Nikon’s D4: pro tech that’ll come to consumer cameras

A little over a week ago, Nikon announced its top of the range camera geared at professional photographers and photojournalists. While that probably won’t excite you, the sort of technology Nikon has thrown in should.

The new camera is big, and what photographers tend to call a full-sized camera. You could hold this thing up to your head and it may well cover it. Featuring a 16 megapixel full-frame sensor, 51 autofocus points, Full HD movie modes, a new memory format, and a magnesium allow chassis, it’s certainly no slouch.

But we’ve got eyes for two of the features that really make the D4 interesting, with low light and wireless connectivity being of major interest to consumer cameras and phones for the next few years.

Over the past decade, we’ve seen digital cameras go from being completely useless in the dark to moderately usable, thanks to ISOs reaching up to 25,600.

Most people still use flash when they haven’t got a lot of light to work with, but the sensor found in the D4 can shoot in ISO 204,800.

If that sounds like a bunch of numbers, try reading it as shooting in the dark.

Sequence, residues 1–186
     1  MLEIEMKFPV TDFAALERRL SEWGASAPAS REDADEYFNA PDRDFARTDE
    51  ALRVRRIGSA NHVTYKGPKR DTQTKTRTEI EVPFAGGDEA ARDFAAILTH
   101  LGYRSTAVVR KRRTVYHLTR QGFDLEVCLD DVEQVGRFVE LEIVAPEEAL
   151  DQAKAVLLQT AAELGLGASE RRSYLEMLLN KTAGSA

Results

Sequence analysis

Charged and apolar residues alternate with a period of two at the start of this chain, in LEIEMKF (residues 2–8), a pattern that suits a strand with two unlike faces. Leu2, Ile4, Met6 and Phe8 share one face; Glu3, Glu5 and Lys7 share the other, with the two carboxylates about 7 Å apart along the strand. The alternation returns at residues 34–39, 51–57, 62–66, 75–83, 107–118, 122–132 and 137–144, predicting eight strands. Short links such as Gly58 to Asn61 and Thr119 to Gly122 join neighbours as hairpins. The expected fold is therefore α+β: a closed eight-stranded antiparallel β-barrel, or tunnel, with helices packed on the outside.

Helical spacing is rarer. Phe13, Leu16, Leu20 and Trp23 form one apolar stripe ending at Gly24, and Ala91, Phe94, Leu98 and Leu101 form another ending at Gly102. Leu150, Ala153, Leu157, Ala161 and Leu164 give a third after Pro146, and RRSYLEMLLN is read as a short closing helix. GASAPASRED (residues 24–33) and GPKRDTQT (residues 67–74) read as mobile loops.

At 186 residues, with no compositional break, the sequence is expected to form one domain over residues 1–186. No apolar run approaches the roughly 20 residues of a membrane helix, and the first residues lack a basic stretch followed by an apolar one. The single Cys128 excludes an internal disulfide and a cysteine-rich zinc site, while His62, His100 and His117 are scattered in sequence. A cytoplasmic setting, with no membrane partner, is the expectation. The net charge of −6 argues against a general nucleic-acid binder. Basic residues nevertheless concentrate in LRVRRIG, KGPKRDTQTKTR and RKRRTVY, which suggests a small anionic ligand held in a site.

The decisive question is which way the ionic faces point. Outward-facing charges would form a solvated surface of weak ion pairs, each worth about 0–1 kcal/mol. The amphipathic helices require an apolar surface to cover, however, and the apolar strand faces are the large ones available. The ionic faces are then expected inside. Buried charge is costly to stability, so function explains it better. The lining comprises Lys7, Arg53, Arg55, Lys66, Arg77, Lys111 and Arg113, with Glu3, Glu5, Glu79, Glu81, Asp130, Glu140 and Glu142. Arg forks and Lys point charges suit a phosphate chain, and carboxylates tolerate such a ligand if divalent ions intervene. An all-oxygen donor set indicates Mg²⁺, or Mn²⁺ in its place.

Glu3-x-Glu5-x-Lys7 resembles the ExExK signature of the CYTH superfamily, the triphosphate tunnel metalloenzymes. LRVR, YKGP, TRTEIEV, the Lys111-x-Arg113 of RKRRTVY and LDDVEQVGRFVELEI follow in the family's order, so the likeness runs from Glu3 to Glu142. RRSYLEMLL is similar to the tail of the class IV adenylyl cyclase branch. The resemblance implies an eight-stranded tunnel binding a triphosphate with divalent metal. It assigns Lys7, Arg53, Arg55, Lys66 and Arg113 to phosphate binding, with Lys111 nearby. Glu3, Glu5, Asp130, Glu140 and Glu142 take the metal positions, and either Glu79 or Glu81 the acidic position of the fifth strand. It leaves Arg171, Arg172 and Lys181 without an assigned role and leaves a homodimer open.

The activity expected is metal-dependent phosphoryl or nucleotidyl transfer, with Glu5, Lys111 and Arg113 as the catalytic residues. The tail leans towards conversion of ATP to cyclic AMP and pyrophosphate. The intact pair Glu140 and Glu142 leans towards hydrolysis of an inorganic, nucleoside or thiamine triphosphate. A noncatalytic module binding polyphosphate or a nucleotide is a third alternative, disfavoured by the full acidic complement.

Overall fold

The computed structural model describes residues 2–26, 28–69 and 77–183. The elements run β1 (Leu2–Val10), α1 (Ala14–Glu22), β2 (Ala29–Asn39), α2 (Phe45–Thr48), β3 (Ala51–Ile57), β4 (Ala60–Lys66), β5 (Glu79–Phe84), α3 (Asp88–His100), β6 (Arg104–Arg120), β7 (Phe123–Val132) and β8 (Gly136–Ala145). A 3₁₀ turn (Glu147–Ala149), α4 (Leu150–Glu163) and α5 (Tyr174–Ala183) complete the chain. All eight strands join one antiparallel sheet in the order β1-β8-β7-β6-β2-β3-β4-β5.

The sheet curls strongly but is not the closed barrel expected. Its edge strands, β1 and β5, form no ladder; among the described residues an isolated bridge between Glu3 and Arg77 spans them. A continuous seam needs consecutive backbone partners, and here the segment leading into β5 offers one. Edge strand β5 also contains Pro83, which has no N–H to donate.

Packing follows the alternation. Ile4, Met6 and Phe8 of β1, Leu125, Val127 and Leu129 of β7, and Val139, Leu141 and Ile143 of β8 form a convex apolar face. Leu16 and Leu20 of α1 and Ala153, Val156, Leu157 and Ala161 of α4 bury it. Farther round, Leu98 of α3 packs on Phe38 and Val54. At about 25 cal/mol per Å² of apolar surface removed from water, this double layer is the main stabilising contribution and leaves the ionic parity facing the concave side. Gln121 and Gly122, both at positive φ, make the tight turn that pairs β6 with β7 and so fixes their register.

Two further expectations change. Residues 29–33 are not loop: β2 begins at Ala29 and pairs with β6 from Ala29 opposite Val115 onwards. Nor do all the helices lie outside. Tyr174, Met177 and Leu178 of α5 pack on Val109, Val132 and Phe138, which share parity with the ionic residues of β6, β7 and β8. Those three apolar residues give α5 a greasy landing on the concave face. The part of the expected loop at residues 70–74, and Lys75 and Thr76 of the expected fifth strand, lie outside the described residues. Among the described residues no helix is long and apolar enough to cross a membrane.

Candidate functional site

While we have yet to see images showing how strong the quality is, it’s only a matter of time before our compact cameras have this sort of low-light technology thrown in.

Then there’s the area that’s slowly being added to cameras: wireless shooting.

For the past few years, camera manufacturers have talked about wireless control of gadgets. It’s in this area, we’ve really seen Samsung do quite well, throwing in remote camera control into smartphone applications.

Nikon’s stepping it up a notch with a built-in web server in its D4 camera, making it possible for photographers to log into their cameras using a phone, tablet, or computer – anything with a web browser – and control it.

Imagine going to a school recital, setting the camera at the front, and turning on the WiFi. You go back to your seat, login to the camera on your phone, and see what it sees, snapping shots from up close without needing to get out of your seat or inconvenience other guests with your constant snapping.

And because it’s web-dependant, there’s no apps to download. All you need is a web browser, and we’ve all got one in our smartphones, tablets, and computers.

It sounds excellent, and we look forward to seeing it in more cameras down the track.